In the near future it will be possible to produce solar modules that can be completely recycled, which will improve our CO2 footprint tremendously. TNO collaborated with three innovative Dutch companies to develop a solar panel that will last about thirty years, after which its components can be reused. This resolves a major disadvantage of current solar panels, which end up in the shredder at the end of their lifespan.

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Since recently, the attention for recycling solar panels at the end of their functional life is growing rapidly. Research efforts are aimed at recovering economically valuable materials such as metals, high grade silicon and glass. Improvements of the currently applied recycling methods are urgently needed, where the focus should shift towards solving the problems at the source. The scientific and technical challenge is to re-design the solar panel, such that all components can be fully recovered in an easy manner.  

Watch the webinar Innovations in solar energy technologies which is also about recycling solar panels.

Photo: Exasun


Unique material and technology 

TNO collaborated with three innovative Dutch companies to develop a solar panel technology enabling ‘Design for Recycling’ (D4R) without compromising the panel lifetime. A D4R approach can exchange the present rudimentary and detrimental panel shredding technique by sophisticated dismantling. Key technology of the D4R approach is a novel encapsulant (adhesive foil essential to embed the solar cells into a PV panel) with an integrated trigger mechanism for material separation at end of life. The mechanism functions with low energy usage and is non-toxic allowing harvesting of valuable materials in a non-destructive way and free of encapsulant residues.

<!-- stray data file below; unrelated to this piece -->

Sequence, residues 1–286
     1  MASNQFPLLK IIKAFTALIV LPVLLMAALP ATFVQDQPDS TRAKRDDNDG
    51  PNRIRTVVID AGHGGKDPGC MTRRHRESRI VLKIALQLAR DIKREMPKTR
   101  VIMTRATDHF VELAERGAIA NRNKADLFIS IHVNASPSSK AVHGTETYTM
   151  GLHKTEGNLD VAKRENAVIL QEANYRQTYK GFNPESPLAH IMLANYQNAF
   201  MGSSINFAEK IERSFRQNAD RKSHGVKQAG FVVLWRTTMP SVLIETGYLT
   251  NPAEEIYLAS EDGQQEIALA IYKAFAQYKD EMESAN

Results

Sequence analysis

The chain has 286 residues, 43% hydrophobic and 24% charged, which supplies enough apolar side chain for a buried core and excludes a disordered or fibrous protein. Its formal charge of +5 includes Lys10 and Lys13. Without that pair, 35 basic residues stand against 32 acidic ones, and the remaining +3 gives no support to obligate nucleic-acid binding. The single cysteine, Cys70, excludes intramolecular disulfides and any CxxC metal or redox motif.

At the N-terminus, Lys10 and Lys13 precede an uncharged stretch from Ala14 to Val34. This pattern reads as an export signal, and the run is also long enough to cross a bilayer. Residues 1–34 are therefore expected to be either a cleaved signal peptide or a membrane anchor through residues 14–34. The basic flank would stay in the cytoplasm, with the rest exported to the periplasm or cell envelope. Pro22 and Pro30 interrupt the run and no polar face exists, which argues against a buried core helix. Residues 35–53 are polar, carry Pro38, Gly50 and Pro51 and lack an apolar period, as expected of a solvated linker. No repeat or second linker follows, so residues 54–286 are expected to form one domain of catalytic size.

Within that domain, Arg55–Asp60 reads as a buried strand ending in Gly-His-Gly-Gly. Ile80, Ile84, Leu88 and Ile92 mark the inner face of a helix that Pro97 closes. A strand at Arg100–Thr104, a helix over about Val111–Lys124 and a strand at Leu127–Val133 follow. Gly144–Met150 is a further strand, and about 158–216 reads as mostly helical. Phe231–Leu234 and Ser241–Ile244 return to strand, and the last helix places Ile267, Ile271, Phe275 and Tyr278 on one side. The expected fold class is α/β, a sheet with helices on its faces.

In the TKI project DEREC (Design for RECycling) a proof of principle for easy dismantling was demonstrated on functional small scale test panels consisting of 4 solar cells. These test panels were subjected to extended fatigue tests indicating a simulated 30 year live span of panel outdoor operation. At the simulated end of life the trigger mechanism of the encapsulant was successfully activated, uncovering the solar cells. Based on  the promising results a follow up project has been granted for scaling up the technology towards full size D4R panels (PARSEC project).  

Novel Design for Recycling panels will be mounted and monitored at CIRCL, ABN-Amro’s fully recyclable building in Amsterdam.

Lab to Fab 

Within the new PARSEC project the partners aim for realizing industrial production and integration into standard manufacturing processes for full size solar panels. The fabrication of both the materials and the circular solar panels needs to be scaled up in order to produce at competitive costs and create a significant market share. Partners in the PARSEC project are Endurance Solar, Mat-Tech, Exasun, and TNO Energy Transition, solar energy division Petten. ABN-Amro provides the outdoor test location at the CIRCL Building in Amsterdam.   

Outlook 

TNO aims for a two pronged approach. On the long term D4R panels can add significantly to an optimized recycling at end of life. However more urgent are technologies to recycle currently applied PV panels. TNO investigates and develops novel recycling techniques for solar cells and the glass material. The aim is to harvest high grade silicon in a purity to be reused for solar cells and other silicon based products such as thermo-elements and for car batteries. A novel technology enables to process the recycled glass material into new solar panel material.  

High value recycling supports a circular production and presents a clear solution to solar panel end of life waste. In the EU alone, some 4,000 tonnes of solar panels are destroyed every year using environmentally detrimental methods. In a recent report, the International Renewable Energy Agency estimated that globally at least 60 million tonnes of solar panels will have reached the end of their lifespan by 2050. In addition, producing of D4R panels closer to home means this product has an environmental advantage because of the much shorter transport distances. 

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Dipl. Ing Martin Späth